Doc Crant, the co-founder of Prison Realty Trust Inc. (PZN) and its predecessor company, has resigned from the company's board and his post as vice chairman. He intends to remain chief executive of Prison Realty and its primary tenant, Corrections Corp. of America, until a new CEO is named.
A release from Prison Realty said that "it is anticipated that a new CEO will be named in the near future."
His departure from the company had been expected. In fact, each of the restructuring plans considered by the company's board have been conditioned on the departure of Mr. Crants.
Earlier this year, co-founder Tom Beasely assumed the chairman's post after cash-flow problems at CCA threatened the financial viability of both companies.
Just last week, Prison Realty, an owner of correctional facilities, said that it would seek to restructure itself without a guaranteed "backstop" from Pacific Life Insurance Co. for a proposed $200 million equity infusion. The current plan entails merging Prison Realty and CCA, and dropping the company's status as a real estate investment trust beginning in fiscal 2000.
Prison Realty and CCA have been through several major restructurings in recent years. The splitting of the company into a REIT and a management company (CCA) followed shortly after a failed campaign by Mr. Crants to get the state of Tennessee to award a statewide prison contract to his company. The hard-fought, but ultimately fruitless, effort seemed to diminish the company's prospects of winning large state-wide contracts in other parts of the country.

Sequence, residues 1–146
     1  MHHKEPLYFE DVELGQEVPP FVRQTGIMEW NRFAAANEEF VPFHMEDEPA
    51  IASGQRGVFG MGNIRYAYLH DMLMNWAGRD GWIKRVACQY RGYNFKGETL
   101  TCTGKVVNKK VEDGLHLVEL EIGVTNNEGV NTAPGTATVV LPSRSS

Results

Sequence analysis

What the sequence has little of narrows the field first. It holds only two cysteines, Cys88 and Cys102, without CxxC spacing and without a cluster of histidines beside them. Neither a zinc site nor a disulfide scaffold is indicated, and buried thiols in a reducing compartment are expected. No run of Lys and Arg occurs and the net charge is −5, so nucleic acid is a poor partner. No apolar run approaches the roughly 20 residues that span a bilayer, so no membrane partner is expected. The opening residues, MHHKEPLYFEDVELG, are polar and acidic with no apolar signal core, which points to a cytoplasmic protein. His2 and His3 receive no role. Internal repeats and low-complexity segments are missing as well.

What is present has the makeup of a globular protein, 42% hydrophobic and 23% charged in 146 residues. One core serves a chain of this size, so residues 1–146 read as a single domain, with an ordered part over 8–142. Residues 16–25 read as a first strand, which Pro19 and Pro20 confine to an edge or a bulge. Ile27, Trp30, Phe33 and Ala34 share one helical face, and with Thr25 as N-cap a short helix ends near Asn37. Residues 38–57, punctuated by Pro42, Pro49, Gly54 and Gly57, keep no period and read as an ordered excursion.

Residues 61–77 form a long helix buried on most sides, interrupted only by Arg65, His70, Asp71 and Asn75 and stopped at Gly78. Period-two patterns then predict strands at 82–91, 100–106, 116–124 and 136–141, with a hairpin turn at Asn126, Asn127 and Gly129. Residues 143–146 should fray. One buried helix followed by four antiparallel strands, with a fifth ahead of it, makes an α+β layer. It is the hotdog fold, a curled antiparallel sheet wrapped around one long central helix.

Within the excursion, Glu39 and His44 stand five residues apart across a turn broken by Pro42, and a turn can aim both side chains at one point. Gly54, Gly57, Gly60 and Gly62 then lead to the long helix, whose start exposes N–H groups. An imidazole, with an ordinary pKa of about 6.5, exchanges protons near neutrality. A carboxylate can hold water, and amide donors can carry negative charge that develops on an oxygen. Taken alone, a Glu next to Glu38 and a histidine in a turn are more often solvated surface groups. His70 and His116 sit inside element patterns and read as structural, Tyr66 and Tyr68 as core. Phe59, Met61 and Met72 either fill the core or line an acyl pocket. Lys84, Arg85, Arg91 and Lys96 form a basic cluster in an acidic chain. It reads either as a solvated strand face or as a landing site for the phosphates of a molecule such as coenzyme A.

Last month, Prison Realty said it was awarded federal contracts generating $750 million of revenue over 10 years.
Also on Wednesday, Standard & Poor's lowered its corporate credit rating and its bank loan rating on Prison Realty to 'B' from 'B+.' The senior unsecured debt rating on the company was lowered to 'CCC+' from 'B-.' The downgrades pertain to $1.1 billion of debt.
S&P said that the rating changes were due to Prison Realty's termination of the agreement with Pacific Life, which S&P believes "decreases the likelihood of Prison Realty receiving a significant equity infusion to reduce its outstanding debt. Since Pacific Life did not deem the recent amendments to Prison Realty's $1 billion bank agreement acceptable, Pacific Life decided not to proceed with its restructuring proposal, which would have included a $200 million rights offering."
Prison Realty shares were off 25 cents Wednesday, settling at $2.81. Their 52-week range is $2-$14.19.
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